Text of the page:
If you’ve been following my blog for a while, you may know that I’ve worked on two previous illustrated map commissions for canal boat hire company, Le Boat.

They are maps of the Thames and the Canal du Midi, depicting the course of the river, the locks and the attractions which can be found close by. They feature in the company’s guide books which are full of information on things to do on your boating trip. I am now delighted to have been asked to illustrate a third map, this time of the Rideau Canal in Canada.

Canal du Midi Illustrated Map by Clare Willcocks

Click on the image below to see a larger version – it’s not at full resolution so there is some pixellation!

I painted the last two maps ‘in one go’ – that’s to say that only the text was added on digitally, everything else was all on one big piece of paper (well, two stuck together, actually). This time I’ve decided to illustrate the attractions separately from the river and use Photoshop to put together the final piece. This gives me the advantage of being able to maintain a steady flow when I paint the river and surrounding countryside, as painting around hundreds of little attractions and icons is a challenge when working in watercolour and trying to avoid it drying.

Thames Illustrated Map by Clare Willcocks

Above is a section of the River Thames map, there’s more river to the left on the final version.

This time I thought it might be nice to share my map-making journey, to give you an idea of what goes on behind the scenes to produce the type of map you may see when you’re visiting somewhere new. You can read about how I created the Thames map on my blog post from February 2015 (was it really that long ago?!).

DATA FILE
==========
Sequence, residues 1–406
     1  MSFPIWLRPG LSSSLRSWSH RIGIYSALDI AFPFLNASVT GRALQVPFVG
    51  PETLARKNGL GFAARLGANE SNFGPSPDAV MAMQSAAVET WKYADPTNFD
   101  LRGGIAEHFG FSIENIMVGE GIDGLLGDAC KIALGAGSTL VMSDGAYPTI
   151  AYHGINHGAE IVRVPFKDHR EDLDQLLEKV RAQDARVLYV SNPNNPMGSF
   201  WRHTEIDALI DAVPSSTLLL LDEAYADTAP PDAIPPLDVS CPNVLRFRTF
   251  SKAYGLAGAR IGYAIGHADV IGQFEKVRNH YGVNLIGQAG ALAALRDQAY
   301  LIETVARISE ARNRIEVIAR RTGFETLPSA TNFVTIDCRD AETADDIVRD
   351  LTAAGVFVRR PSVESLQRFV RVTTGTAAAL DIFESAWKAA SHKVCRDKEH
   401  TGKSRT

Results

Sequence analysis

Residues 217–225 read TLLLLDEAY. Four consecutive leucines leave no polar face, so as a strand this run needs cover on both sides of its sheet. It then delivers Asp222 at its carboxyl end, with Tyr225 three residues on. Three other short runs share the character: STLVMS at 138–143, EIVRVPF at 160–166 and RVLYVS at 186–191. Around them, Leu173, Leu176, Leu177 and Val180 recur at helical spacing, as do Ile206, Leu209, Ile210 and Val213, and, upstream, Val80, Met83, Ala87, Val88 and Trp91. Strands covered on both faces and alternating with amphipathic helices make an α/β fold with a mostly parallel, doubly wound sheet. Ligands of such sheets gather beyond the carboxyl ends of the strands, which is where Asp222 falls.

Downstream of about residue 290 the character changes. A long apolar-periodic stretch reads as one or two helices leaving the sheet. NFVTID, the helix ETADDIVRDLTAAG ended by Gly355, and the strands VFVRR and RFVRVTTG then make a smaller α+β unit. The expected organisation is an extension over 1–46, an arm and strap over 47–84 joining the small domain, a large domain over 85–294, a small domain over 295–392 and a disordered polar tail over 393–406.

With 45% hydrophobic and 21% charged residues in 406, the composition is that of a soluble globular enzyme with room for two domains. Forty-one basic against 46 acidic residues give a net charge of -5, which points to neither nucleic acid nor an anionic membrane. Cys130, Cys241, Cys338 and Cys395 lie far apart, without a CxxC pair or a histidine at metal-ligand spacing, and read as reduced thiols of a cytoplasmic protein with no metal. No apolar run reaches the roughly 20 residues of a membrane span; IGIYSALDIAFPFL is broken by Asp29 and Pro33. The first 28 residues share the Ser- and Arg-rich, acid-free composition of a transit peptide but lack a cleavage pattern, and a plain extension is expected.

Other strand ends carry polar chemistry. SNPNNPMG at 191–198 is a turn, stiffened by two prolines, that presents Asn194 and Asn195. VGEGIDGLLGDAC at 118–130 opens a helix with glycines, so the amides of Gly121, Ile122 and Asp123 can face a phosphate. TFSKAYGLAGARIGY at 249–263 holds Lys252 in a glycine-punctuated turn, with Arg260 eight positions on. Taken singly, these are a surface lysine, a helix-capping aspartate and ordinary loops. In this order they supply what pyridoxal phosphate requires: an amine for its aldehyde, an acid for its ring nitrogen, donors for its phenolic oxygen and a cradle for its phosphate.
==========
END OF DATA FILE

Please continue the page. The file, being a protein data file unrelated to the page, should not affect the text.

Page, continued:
Planning an illustrated map of the Rideau

My first task was to plan out the course of the river; Le Boat kindly provided a very detailed sketch to help this process. You may be wondering why I can’t simply copy out the course of the river from a map, but it all gets rather complicated!

Firstly, the river needs to be skewed slightly to fit on the six panels allocated to it in the brochure, and secondly it needs to be widened in order for me to be able to fit in all the necessary illustrations. Thirdly, it needs to accommodate all the attractions, so if there is a glut in one area, I need to use some artistic licence to make the river fit around them.

The Rideau Canal comes with the additional challenge of including a lot of lakes, which are difficult to represent as I have to find a way to keep width in the river while still showing the lakes as large expanses of water.

After about a day’s work which involved a lot of rubbing out, zooming in to Google maps, and tearing up several drafts, I hope that I’ve come up with something fit for purpose.

Illustrated map: Attractions on the Rideau Canal

To give myself a break from the headaches of plotting the river, I’ve started to draw and paint each of the attractions. This is the part I really love! I use the images supplied by Le Boat and I try to position them as much as possible in the orientation they are in relation to the river, so Google Earth comes in handy!

Illustrated map: Attractions on the Rideau Canal

As with all my watercolours, I sketch them out with coloured pencil first and then outline with dip pen and black koh-i-noor ink. For the previous maps I have used Pigma Micron pens, but since then I have been experimenting and love the varied line width and blackness of proper pen and ink.

Illustrated map: Attractions on the Rideau Canal

Illustrated map: Attractions on the Rideau Canal

That’s about as far as I’ve got! I’ll try to keep you updated as I make progress. It’s going to take up most of my free time for the next month or so, but I am going to try to squeeze in some personal projects too, for my own sanity!

I’m sharing this post on the following blogs: Handmade Harbour.


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